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Deliver us from EVEL?: Is the government right to abolish ‘English Votes for English Laws’?

Following reports that the UK government is considering abolishing the ‘English Votes for English Laws’ procedures in the House of Commons, Daniel Gover and Michael Kenny argue that, although EVEL has some flaws as a solution to the ‘West Lothian Question’, abandoning it will also leave open bigger questions about how England should be represented within British parliamentary government.

According to a recent report in The Times (on 16 June), the UK government is preparing to abolish the ‘English Votes for English Laws’ standing orders in the House of Commons. This suggested that ministers have already been consulted on the move and look set to lend it support. The change would also need to be approved by MPs, but only a single vote in the Commons would be needed to make this important constitutional change.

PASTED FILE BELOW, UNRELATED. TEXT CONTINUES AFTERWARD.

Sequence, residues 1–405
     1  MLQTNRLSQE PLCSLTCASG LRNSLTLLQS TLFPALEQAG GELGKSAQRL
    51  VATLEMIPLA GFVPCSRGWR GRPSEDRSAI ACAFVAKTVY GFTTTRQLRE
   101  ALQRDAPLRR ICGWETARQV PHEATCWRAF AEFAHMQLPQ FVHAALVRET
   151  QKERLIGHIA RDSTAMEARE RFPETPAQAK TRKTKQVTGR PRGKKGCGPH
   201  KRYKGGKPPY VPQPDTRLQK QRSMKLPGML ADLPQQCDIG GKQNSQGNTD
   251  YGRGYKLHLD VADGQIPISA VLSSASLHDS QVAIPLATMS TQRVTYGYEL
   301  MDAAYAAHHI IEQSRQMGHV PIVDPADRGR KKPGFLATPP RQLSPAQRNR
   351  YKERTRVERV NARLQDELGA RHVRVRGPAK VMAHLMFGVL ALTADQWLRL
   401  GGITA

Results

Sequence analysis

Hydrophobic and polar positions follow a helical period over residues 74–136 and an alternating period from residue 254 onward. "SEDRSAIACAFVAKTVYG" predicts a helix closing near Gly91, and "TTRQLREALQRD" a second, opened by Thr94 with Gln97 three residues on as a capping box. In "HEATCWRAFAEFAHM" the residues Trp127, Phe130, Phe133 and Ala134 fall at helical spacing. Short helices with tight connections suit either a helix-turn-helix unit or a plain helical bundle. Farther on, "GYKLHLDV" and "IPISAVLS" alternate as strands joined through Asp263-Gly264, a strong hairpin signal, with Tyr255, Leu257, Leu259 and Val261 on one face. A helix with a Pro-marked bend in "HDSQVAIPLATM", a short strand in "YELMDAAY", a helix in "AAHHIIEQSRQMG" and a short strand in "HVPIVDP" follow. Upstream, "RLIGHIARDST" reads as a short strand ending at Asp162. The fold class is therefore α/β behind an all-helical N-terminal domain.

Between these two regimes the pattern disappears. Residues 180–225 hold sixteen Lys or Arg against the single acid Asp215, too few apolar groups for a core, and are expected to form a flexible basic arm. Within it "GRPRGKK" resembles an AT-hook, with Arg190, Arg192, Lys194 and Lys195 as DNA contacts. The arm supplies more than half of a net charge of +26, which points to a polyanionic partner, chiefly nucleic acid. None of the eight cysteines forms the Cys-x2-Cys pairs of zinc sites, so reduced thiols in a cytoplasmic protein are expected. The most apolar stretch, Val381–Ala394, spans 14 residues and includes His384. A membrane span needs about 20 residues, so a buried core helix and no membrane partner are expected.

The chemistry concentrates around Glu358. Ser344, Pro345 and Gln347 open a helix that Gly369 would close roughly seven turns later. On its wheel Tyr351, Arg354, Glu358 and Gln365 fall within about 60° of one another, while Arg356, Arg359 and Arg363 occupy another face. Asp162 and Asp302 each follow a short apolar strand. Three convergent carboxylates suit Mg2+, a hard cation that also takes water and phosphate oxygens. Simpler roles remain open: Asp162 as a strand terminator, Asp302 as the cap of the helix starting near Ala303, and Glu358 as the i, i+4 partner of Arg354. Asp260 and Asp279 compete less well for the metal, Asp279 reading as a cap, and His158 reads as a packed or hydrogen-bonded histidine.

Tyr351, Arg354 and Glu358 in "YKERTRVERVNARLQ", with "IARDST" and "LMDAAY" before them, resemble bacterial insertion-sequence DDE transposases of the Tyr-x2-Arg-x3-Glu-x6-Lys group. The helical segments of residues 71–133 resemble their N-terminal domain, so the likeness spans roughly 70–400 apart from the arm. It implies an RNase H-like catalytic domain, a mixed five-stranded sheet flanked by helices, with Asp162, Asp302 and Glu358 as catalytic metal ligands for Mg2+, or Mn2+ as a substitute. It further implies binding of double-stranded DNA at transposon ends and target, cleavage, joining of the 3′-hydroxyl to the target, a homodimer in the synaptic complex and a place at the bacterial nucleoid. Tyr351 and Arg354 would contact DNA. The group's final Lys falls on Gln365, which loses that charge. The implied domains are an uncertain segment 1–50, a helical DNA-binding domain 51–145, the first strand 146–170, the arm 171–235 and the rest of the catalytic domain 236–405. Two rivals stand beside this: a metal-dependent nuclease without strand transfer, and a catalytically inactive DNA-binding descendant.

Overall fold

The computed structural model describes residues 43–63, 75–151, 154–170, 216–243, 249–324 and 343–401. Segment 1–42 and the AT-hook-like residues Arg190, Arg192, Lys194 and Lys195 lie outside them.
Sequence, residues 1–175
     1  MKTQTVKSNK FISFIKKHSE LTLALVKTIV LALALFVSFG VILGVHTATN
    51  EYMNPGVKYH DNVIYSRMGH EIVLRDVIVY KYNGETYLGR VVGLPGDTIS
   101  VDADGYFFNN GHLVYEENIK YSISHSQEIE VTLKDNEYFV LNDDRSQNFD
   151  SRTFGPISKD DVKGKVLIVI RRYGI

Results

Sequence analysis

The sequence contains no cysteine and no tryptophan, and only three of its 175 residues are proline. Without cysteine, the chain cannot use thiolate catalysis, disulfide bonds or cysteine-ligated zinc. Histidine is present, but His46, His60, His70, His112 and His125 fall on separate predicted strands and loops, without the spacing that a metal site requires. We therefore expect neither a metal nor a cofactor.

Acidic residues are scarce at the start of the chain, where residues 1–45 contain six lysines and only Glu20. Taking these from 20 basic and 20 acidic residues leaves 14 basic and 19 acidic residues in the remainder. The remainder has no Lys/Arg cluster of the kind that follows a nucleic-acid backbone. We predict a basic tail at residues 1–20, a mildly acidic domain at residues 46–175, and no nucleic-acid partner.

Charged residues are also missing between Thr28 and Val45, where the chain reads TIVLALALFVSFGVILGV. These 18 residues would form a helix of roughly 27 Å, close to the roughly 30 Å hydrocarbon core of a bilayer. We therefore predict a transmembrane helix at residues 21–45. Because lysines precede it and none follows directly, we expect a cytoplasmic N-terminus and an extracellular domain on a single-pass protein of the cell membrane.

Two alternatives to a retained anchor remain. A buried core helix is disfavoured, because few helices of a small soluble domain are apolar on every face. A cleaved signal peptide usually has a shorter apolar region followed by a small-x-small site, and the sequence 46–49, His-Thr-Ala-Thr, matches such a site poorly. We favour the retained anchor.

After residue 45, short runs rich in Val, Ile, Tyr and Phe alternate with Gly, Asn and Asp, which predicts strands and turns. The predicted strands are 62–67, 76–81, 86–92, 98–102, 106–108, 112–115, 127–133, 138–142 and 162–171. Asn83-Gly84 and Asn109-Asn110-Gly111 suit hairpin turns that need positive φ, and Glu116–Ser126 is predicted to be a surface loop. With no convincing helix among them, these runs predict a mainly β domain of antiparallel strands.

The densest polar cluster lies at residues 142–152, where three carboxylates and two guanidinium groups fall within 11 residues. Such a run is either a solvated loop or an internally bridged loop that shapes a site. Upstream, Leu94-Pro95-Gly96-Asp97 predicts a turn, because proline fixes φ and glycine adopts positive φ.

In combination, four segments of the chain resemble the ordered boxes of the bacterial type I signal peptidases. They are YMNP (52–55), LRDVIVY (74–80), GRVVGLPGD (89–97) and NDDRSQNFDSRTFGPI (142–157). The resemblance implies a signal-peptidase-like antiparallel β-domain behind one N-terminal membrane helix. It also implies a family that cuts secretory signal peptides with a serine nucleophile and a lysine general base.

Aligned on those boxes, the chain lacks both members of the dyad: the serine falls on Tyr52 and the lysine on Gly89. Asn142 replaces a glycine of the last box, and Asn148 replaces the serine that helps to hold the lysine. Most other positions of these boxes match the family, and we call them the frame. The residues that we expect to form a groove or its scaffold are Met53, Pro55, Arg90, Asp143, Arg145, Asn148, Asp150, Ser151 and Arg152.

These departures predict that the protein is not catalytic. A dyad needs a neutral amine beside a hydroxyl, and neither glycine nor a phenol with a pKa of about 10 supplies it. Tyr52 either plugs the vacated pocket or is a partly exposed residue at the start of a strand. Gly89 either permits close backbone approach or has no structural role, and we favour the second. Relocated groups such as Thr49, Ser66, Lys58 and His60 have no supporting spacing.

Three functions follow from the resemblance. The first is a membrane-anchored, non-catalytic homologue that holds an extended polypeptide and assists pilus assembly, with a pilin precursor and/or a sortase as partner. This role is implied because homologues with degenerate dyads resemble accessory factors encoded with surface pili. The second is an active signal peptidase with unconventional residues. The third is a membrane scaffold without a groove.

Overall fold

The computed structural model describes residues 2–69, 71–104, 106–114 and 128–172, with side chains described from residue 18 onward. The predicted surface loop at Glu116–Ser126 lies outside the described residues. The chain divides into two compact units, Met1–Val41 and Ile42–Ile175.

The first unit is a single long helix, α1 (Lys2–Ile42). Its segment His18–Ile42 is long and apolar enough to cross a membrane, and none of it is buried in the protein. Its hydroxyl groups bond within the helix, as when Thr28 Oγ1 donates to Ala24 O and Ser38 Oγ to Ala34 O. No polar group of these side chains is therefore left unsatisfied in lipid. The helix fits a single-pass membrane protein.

That such a move is being considered by the current government is surprising and unexpected in equal measure. Proposals for various forms of EVEL, as an answer to the infamous ‘West Lothian Question’, have been championed by the Conservative party ever since the advent of Scottish and Welsh devolution in the late 1990s, and have featured in every one of its general election manifestos between 2001 and 2015. Despite agreeing to an independent commission, the Liberal Democrats ultimately blocked this reform during the period of coalition government. It was only in October 2015, once the Conservatives held power alone, that the change was implemented. Few would have expected that a government with such a strong focus upon English voters outside large urban areas would seek to repeal it.

One part of the explanation for this may be an increased willingness of the current Conservative government to disown elements of the Cameron legacy. But it also reflects the influence of a rising current of ‘neo-unionist’ sentiment within the party, which believes that the imperative to secure Scottish consent, in the wake of growing support for a second independence referendum, is more important than English grumbles about the West Lothian anomaly. This is perhaps ironic, since EVEL was envisaged by its architects as a means of assuaging discontent with the Union, by protecting against a situation in which MPs from outside England’s borders could make the difference on England-only legislative decisions.